Sitting atop one of the most prolific oil-producing areas in the United States, "oil city" Midland in Texas is looking forward to a better future, in spite of the dull market since mid-2014.
"Midland's economy still relies heavily on the oil and gas industry, but the city has diversified to become a regional telecommunications and distribution center," said Bobby Burns, former Midland mayor and president of the city Chamber of Commerce.
The city, which is a gateway to the Permian Basin with a population of more than 120,000, is also known as onetime home of former U.S. Presidents George H. W. Bush and George W. Bush.
Since the city's first oil boom in 1920s, Midland has experienced several rounds of boom and bust, and is now seeking to diversify its economy after the "shale revolution" in 2005, said Burns, who served three terms as the city mayor.
The "shale revolution" brought Midland a round of oil boom, after companies used hydraulic fracturing method to find shale. Midland is now the fastest growing metropolitan area in the country with new high-rise office buildings decorating its skylines.
The Permian Basin is one of the world's largest oil-producing basins, bringing thousands of oil field workers and investors to Midland.
Although some companies have left for business reasons over the past years, Burns estimated that there are still some 1,000 such companies operating in the city.
Located on the southern plain of the Lone Star state's western area, Midland was originally founded as the midway point between El Paso and Fort Worth on the Texas and Pacific Railroad in 1881.
With the expansion of the Permian Basin, Midland was soon transformed into the administrative center of the West Texas oil fields.
Oil and gas production from the basin rapidly increased through the late 1940s, and Midland wooed a large number of oil investors and workers. Thirty-six oil companies had offices in Midland by 1929 and this figure increased to more than 200 by 1950. The population had nearly tripled in the years by 1960.
"However, Midland had experienced several busts from 1930s until now, each time some oil businesses folded and the city's work force went unemployed," said Burns. "This time, the impact is huge."
Oil prices crashed from 107 dollars per barrel in June 2014 to around 40 dollars recently, and U.S. oil production has dropped by as much as 700,000 barrels a day. The number of rigs in the field has sunk to a historic low.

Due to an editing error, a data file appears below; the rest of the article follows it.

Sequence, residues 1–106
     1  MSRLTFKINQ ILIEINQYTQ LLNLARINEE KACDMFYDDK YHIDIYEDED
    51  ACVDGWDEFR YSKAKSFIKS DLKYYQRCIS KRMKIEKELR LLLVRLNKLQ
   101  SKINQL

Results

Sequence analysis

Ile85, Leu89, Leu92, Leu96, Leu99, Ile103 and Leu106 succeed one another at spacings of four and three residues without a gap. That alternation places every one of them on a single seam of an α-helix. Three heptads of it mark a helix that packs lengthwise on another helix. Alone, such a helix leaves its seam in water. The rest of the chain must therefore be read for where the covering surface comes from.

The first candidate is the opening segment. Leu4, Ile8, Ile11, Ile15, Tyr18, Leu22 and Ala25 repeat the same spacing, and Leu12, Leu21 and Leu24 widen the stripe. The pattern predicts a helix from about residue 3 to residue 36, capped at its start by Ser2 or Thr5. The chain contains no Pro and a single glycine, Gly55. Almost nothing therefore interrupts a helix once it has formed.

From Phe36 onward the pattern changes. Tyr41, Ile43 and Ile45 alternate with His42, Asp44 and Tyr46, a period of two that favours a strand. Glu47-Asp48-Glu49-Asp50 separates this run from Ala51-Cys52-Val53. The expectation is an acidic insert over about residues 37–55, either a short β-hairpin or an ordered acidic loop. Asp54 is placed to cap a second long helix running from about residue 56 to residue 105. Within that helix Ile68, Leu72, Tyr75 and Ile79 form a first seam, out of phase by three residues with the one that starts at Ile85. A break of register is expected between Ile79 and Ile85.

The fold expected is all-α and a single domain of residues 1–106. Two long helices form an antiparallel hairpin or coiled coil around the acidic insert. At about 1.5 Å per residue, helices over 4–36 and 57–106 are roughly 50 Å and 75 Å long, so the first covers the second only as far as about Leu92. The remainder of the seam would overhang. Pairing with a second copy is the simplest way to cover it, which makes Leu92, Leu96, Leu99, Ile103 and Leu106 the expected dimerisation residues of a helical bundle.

Echoing Bobby's views, Kathy Shannon, executive director of the Permian Basin Petroleum Museum, said almost 90 percent of the city's economy depends on oil industry, and a lot of people have lost their jobs when their companies downsized due to the impact of oil price cut.
In Texas, which produces 31 percent of the country's crude oil, about 72,000 workers lost jobs in the energy industry in 2015, and the Texas Alliance of Energy Producers estimates that another 40,000 could lose jobs this year.
"It affects pretty much everyone in the town no matter what your business is," said Shannon, who was born and grew up in Midland. "Some of my friends working for large companies here lost their jobs, or had drastic drop in their incomes."
She said even the donation to the foundation of her museum was affected. After the bust comes, people can no longer afford new houses and cars, never mentioning travel or donation.
"The number of rigs here has dropped drastically. And if you drive along the highways near the city, you will see a lot of rigs just sitting there, not used. Usually, you can see a lot of people working there, but now it is empty," Shannon said.
Texas, which is still home to 45 percent of the nation's operating rigs, again led the way in another drop in the number of rigs actively drilling for crude as just 351 oil rigs are left nationwide recently.
By 2017, crude oil production is expected to average around 8 million barrels per day, nearly 1.5 million less than in 2015, according to the U.S. Energy Information Agency.
"A lot of companies are still losing money, but for the oil companies like Chevron, they are investing more," said Burns.
"There is no industry like oil and gas industry whose swing of prices is so remarkable, and this swing will have big impact on our economy," said Burns, "but I believe that when the prices reach 50 dollars or above 50 dollars per barrel, some companies will become strong again."
"I think the cause of the falling prices is complicated, and as for the perspective, I see 2016 will still be a tough year but 2017 will be a much better one for us," he said.
"I believe our city's tomorrow will be much better than today, and our future will be bright because the city has done everything to improve our economy's diversification in a long term," Burns said.